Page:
Investigating KRd versus KTd in NDMM patients with high-risk cytogenetics

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Published: 13 Jun 2020
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Prof Heinz Ludwig - Wilhelmeninen Cancer Research Institute, Vienna, Austria

Prof Heinz Ludwig speaks to ecancer about a randomised phase II study he presented at the virtual EHA 2020 meeting.

He explains that the trial is evaluating whether a carfilzomib-based regimen can overcome the negative impacts of high-risk cytogenetics in newly-diagnosed multiple myeloma (NDMM).

Prof Ludwig provides an update on the interim efficacy analysis of combined data of KRd (carfilzomib, lenalidomide, dexamethasone) versus KTd (carfilzomib, thalidomide, and dexamethasone) followed by maintenance with carfilzomib or control.

He also outlines the background, results and main conclusions of the study.

ecancer's filming has been kindly supported by Amgen through the ecancer Global Foundation. ecancer is editorially independent and there is no influence over content.

Actually we report on the outcome in patients, these are transplant non-eligible patients, treated with either carfilzomib Rev-dex or carfilzomib thalidomide dex. It’s a prospective randomised comparison. Patients received nine cycles and then they are randomised to one year carfilzomib maintenance versus control.

At this point in time, as the enrolment has not been completed, we report on patients which have been treated so far but they are combined, both arms are combined. The question is whether the treatment results in different outcomes in patients with high risk cytogenetics defined either by translocation [4;14] and/or deletion 17p, that is the usual high risk definition. We have another group which we call high risk plus/minus 1q21. So if you have either translocation [4;14] and/or deletion 17p and/or amplification of 1q21 you are considered high risk group number two. The question is whether there is a difference in response rate, progression free survival and overall survival at this point in time.

So the answer is quite straightforward. When we look at response rates actually the treatment is almost equally effective in patients with traditional high risk definition as well as in patients with high risk defined plus/minus 1q21 or standard risk. So the overall response rate varies between 90-100% with these three risk groups so there is no significant difference. When we look at patients with very good partial response or better or CR there is no significant difference between these three groups, standard risk, high risk or high risk group two.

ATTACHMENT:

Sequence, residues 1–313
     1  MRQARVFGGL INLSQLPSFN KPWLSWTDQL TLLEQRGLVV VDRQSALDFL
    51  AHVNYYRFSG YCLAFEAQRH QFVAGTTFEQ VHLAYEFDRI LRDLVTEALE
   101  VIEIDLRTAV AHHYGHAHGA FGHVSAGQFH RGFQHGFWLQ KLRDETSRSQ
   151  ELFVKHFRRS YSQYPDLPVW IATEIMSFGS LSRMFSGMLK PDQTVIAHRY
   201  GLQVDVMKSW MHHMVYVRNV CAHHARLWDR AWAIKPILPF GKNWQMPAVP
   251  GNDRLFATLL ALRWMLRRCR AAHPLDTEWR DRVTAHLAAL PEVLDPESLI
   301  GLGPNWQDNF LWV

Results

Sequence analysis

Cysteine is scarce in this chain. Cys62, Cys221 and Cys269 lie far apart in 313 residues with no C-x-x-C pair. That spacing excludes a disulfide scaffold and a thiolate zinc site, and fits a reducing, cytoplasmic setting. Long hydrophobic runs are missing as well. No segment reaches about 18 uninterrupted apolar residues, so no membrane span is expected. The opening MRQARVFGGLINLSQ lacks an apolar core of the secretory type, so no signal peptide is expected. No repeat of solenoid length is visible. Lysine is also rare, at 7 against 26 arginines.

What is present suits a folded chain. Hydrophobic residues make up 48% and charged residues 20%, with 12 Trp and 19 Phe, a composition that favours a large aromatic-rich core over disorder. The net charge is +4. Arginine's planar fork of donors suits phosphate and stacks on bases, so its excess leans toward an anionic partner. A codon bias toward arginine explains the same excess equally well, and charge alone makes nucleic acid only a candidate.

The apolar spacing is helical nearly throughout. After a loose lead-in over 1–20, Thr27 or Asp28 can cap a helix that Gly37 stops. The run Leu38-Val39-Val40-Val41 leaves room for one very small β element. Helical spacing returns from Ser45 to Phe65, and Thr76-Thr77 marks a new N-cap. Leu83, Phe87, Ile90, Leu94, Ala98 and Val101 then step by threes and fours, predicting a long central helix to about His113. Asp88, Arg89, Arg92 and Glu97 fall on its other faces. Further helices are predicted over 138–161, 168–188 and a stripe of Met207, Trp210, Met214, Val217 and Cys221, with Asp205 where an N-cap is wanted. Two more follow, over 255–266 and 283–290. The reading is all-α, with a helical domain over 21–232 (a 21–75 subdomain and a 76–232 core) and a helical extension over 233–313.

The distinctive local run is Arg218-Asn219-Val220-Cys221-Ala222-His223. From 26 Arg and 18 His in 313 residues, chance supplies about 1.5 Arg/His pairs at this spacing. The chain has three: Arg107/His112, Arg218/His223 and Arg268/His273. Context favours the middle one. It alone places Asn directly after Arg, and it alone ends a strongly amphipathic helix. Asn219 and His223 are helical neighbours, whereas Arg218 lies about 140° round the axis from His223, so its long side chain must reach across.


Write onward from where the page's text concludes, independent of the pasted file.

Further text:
We also looked at the MRD results but we checked MRD level only in patients with very good partial response or complete response. Actually we looked at 49 patients and 45% of those had MRD negativity. Bruno Paiva did the MRD testing so it’s high sensitivity, 10-6. So far patients with MRD positive have a shorter PFS as compared to MRD negative patients which is what is to be expected. Overall survival at this point in time doesn’t show any difference between the MRD positive and negative patients but with further follow-up probably it’s very likely that we’ll see a difference in these groups.

The other question which we raised was whether there is an impact of cytogenetic risk group on the outcome in terms of progression free survival. Interestingly, when we defined high risk [4;14] and/or deletion 17p actually patients did poorly with the carfilzomib based combinations, so they had a shorter progression free survival as compared to the standard risk patients. So the progression free survival was 24 months in the standard risk and 13.5 months in the high risk patients. But overall survival was similar. When we looked at the other high risk group with or without amplification of 1q21 actually there was no significant difference in progression free survival.

So at this point in time we can summarise and say we have very high response rates. Response rates are quite similar in the different risk groups. Progression free survival in patients with conventionally defined high risk cytogenetics but overall survival is at this point in time similar. When we looked at the other high risk group which includes the presence of 1q21, yes or no, plus the presence of [4;14] plus the presence or not of deletion 17p, so here the regimens were quite active, there was no difference in PFS.

In other words, the treatment is highly active in terms of response rate. In terms of progression free survival we have to… the median follow-up is, at this point in time, around 50 months. We have to look for longer follow-up in order to have more solid data and to see whether the difference in PFS in the high risk group still holds true with longer follow-up. But at this point in time overall survival is similar in both patient groups.

So it was relatively well tolerated, the combination – carfilzomib thal-dex, carfilzomib Rev-dex – but, as expected, there were some minor, or in a few patients significant, toxicities, particularly cardiac toxicity but overall the regimens were well tolerated.